Power Lunch: Make the Dietary Guidelines mandatory
Maybe the time has come for a little health fascism. Historically, it made for well-disciplined railroad schedules.
By Jon Robison | 05/17/2005
Our government is deeply worried about the health of the American public. According to the experts, we are too fat and too sedentary, and we are eating ourselves into an early grave. Despite repeated warnings, we continue to do exactly as we please, without any concern about the catastrophic health consequences that surely will follow.
With the hope of saving us from guaranteed premature morbidity and mortality (or even worse -- obesity), the government recently released a new set of dietary recommendations for Americans. As in years past, it is highly unlikely that most people will pay attention to the new recommendations and even less likely that they will alter their habitual culinary practices. What's a government to do?
As a doctor of health education, a nutritionist and a concerned citizen, I have been pondering this public health quagmire and I think have a solution. Make the new Dietary Guidelines mandatory! That's right, simply mandate that every man, woman and child must eat according to the guidelines each and every day!
The government could make, and the IRS could distribute, copies of the guidelines to all adults; and to schools, churches and business organizations. Schools could teach the guidelines so that no child would be left behind.
Of course, there would need to be verification. The government could institute Random Food Checks (RFCs) at people's homes and workplaces. Since obesity has been declared more dangerous than weapons of mass destruction (and easier to find) coordination of the RFCs might best be provided by the Dept. of Homeland Security (DHS). DHS officers would carry the latest measuring and weighing devices to enable them to apprehend anyone ingesting inappropriate amounts of restricted substances.
There would be stiff penalties for cheating. Businesses dealing in foods not commensurate with the guidelines would be fined, labeled as unAmerican and potentially shut down. They could plead their cases to the Dietary Guideline Expert Panel (DGEP), composed of individuals who have not eaten fast food or missed a day of exercise in the past year, under the strict auspices of the newly created Dept. for Science in the Public Interest (DSPI).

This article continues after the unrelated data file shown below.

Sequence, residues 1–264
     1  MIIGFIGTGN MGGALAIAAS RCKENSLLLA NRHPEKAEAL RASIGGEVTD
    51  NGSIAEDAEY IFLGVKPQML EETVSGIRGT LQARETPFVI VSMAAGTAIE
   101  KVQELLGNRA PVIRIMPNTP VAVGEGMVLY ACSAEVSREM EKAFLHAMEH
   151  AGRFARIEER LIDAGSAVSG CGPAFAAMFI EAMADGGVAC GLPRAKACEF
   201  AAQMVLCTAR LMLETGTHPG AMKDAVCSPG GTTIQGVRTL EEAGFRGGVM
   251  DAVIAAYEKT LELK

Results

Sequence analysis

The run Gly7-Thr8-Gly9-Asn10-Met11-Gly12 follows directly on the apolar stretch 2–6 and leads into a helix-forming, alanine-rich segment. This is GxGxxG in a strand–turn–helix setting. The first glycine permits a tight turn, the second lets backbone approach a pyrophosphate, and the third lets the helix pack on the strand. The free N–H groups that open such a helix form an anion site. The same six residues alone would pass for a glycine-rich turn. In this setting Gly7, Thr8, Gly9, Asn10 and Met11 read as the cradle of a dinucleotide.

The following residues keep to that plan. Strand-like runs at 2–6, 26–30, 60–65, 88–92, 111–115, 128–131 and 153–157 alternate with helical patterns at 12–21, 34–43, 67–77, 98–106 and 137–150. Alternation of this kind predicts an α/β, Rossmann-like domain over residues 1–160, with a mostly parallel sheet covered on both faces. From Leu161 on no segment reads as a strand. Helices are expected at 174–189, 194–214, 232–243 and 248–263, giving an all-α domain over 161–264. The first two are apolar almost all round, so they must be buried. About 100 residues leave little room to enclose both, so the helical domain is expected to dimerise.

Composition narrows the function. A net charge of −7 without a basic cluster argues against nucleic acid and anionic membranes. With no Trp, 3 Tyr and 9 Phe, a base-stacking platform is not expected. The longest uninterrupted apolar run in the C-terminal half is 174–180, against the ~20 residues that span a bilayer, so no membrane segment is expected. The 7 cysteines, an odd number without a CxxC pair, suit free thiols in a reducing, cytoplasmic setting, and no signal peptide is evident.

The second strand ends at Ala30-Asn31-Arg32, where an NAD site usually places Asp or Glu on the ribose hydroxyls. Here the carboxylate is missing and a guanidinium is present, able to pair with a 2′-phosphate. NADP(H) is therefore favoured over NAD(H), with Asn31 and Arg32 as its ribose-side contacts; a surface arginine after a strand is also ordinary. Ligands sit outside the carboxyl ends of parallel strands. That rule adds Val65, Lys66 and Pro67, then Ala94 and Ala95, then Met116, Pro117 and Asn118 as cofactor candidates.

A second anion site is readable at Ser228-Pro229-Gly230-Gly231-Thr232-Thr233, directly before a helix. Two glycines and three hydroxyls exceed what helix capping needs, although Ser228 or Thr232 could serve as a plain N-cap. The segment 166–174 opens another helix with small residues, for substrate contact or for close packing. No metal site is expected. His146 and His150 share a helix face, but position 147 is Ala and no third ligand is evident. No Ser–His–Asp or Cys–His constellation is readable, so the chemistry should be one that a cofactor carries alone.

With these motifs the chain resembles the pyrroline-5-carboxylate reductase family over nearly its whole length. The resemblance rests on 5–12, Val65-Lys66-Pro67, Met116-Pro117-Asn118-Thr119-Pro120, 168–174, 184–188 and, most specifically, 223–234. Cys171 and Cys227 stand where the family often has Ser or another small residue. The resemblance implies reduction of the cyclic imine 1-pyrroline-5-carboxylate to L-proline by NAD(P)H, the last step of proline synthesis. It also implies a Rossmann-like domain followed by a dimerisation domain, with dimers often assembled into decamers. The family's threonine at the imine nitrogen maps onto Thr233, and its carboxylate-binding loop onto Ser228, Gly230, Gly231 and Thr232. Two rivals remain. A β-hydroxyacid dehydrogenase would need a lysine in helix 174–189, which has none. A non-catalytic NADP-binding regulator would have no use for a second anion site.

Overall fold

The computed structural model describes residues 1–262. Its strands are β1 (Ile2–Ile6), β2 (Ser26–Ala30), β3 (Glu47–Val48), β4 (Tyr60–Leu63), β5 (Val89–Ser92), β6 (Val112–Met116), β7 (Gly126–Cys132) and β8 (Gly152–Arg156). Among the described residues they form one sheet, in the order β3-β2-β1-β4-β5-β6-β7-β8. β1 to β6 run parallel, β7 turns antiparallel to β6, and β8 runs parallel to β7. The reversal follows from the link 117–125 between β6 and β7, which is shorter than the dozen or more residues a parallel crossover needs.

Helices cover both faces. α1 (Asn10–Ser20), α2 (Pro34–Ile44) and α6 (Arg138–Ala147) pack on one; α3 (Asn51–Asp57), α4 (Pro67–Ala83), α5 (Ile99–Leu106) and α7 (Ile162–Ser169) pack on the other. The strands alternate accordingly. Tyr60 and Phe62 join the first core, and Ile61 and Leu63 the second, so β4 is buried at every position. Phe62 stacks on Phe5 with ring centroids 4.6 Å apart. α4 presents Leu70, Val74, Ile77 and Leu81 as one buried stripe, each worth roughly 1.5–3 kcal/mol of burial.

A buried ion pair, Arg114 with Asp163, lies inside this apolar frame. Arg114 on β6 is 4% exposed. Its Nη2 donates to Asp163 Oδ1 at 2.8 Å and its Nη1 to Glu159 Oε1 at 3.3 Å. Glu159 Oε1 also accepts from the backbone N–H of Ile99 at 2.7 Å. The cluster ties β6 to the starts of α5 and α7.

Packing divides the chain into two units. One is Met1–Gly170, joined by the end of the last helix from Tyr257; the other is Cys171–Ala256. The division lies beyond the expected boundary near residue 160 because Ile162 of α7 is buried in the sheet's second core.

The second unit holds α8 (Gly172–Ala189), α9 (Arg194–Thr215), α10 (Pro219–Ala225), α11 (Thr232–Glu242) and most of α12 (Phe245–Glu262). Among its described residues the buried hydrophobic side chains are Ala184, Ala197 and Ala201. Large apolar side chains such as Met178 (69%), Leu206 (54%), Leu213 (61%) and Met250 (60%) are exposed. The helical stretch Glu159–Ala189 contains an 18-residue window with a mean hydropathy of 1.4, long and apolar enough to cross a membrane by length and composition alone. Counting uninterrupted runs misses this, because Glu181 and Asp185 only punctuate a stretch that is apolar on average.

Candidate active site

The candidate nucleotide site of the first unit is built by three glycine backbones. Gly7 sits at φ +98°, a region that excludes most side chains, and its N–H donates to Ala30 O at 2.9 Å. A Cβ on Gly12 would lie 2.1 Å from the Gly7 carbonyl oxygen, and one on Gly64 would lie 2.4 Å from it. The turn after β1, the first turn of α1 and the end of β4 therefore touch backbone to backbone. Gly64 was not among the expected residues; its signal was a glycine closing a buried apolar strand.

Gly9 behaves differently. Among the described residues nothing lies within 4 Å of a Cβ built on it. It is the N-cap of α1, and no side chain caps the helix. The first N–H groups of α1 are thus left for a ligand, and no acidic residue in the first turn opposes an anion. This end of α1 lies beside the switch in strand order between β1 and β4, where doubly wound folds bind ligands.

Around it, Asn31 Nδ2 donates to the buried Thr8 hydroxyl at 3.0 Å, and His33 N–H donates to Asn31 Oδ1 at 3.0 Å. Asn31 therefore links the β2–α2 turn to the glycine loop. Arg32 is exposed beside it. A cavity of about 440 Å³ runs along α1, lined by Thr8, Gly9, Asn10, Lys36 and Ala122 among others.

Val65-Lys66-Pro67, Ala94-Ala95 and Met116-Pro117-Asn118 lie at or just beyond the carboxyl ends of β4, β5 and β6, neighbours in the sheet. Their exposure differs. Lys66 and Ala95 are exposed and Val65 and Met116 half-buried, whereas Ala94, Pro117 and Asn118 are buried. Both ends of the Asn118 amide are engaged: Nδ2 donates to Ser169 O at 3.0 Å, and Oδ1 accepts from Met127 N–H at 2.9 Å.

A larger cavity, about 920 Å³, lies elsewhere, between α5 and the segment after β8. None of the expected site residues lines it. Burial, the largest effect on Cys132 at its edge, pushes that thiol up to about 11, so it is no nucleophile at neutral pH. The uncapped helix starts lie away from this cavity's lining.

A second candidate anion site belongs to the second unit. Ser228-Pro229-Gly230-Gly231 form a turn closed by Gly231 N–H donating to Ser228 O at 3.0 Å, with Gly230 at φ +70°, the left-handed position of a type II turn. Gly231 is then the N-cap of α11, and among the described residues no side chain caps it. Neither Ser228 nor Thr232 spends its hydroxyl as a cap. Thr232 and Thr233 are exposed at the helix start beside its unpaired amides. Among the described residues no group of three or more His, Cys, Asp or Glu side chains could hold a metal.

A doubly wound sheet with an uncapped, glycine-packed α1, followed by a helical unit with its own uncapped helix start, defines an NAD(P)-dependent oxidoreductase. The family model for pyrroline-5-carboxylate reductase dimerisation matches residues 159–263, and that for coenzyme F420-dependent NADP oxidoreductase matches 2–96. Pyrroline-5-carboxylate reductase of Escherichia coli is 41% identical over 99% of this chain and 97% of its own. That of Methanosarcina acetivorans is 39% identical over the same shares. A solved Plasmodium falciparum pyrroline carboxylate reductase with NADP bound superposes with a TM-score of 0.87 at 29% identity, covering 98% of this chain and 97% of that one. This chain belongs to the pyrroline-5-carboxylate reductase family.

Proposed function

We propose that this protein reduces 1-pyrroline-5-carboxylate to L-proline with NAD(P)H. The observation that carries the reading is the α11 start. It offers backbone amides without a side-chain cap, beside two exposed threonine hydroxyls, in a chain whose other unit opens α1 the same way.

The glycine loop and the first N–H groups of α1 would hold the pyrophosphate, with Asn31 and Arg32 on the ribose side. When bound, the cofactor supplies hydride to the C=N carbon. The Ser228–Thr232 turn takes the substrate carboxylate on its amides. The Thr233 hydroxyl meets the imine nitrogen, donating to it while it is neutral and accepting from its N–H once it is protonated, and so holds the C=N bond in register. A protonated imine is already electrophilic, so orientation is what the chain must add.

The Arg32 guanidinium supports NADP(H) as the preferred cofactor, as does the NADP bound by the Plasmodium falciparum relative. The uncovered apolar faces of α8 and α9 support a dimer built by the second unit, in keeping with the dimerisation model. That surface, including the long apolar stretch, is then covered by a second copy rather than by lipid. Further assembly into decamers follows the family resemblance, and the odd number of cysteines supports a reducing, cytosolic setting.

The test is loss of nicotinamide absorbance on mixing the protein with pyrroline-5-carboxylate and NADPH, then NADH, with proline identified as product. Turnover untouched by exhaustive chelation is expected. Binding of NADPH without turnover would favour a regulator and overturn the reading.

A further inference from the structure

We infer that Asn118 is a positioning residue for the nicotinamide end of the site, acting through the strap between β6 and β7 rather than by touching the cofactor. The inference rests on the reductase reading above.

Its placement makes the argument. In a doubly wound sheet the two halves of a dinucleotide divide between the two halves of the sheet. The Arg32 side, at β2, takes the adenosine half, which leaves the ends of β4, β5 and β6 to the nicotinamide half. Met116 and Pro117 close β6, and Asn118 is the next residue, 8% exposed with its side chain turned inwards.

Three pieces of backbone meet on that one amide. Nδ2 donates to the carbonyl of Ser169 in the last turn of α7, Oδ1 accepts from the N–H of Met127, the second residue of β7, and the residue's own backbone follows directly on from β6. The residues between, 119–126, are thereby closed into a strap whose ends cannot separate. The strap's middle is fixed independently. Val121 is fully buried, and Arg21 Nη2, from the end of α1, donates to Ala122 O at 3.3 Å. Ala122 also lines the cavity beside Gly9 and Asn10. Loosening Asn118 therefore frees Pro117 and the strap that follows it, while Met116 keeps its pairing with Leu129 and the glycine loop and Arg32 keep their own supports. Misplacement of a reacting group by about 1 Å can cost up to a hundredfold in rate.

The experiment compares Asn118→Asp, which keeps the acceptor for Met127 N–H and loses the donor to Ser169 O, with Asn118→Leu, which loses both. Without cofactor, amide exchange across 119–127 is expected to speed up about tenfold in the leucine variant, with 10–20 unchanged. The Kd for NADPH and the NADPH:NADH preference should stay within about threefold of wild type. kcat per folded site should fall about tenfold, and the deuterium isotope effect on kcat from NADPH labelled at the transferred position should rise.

Because obesity has been declared the nation's No. 1 health problem, neighborhood watch groups could turn their attention away from less important issues like drugs and violence. Pedometers could be issued to all, perhaps by the military, and neighborhood vigilantes could monitor adherence and confiscate the televisions, video screens and cell phones of persons not meeting their Daily Quota of Exercise Minutes (DQEMs).
The new dietary recommendations could make a serious dent in the Great American Waistline, and there could be important collateral benefits. Think of the windfall profits that having to eat according to the guidelines would provide for pharmaceutical companies selling antidepressant and antianxiety medications!
Think of the demand for measuring devices. Every morsel of food would have to be weighed, over time contributing to improved proficiency in mathematics -- making our country more competitive in the world marketplace. Thousands of inspectors would be added to the workforce, greatly reducing the number of people out of work and on welfare.
Think about the Motrin, doctors’ visits and surgeries needed to treat the millions of people having to exercise "at least 60-90 minutes a day" in order to lose weight according to the new guidelines – not to mention the coffee, pop and pills to keep them awake now that they are sleeping 90 fewer minutes a night. Finally, think of the boon for the mental health profession as people spend even less time with their families.
We have heretofore only dabbled with this type of solution -- bringing suit against or threatening to increase taxes on people selling forbidden foods, attaching exercise equipment to television sets, and outlawing cupcakes at school birthday parties. If we are going to get the upper hand on this looming public health calamity it is high time for some tough love.
Health information, persuasion, coercion and fear have failed to motivate us to do and eat the right things. Maybe the time has come for a little health fascism. Historically, it made for well-disciplined railroad schedules -- maybe it can do the same for our dietary and exercise habits.
Only time will tell if this radical plan will have the desired effects. But desperate times call for desperate measures. It is said that death and taxes are the only two things of which we can be sure. In 21st century America, it may soon be death, taxes and The Dietary Guidelines.
Jonathan Robison (www.jonrobison.net) holds a doctorate in health education/exercise physiology and a master of science in human nutrition from Michigan State University, where he is adjunct assistant professor. He has authored numerous articles on a variety of health-related topics and is a frequent presenter at local and national conferences. A version of this article originally appeared on
Tech Central Station.com.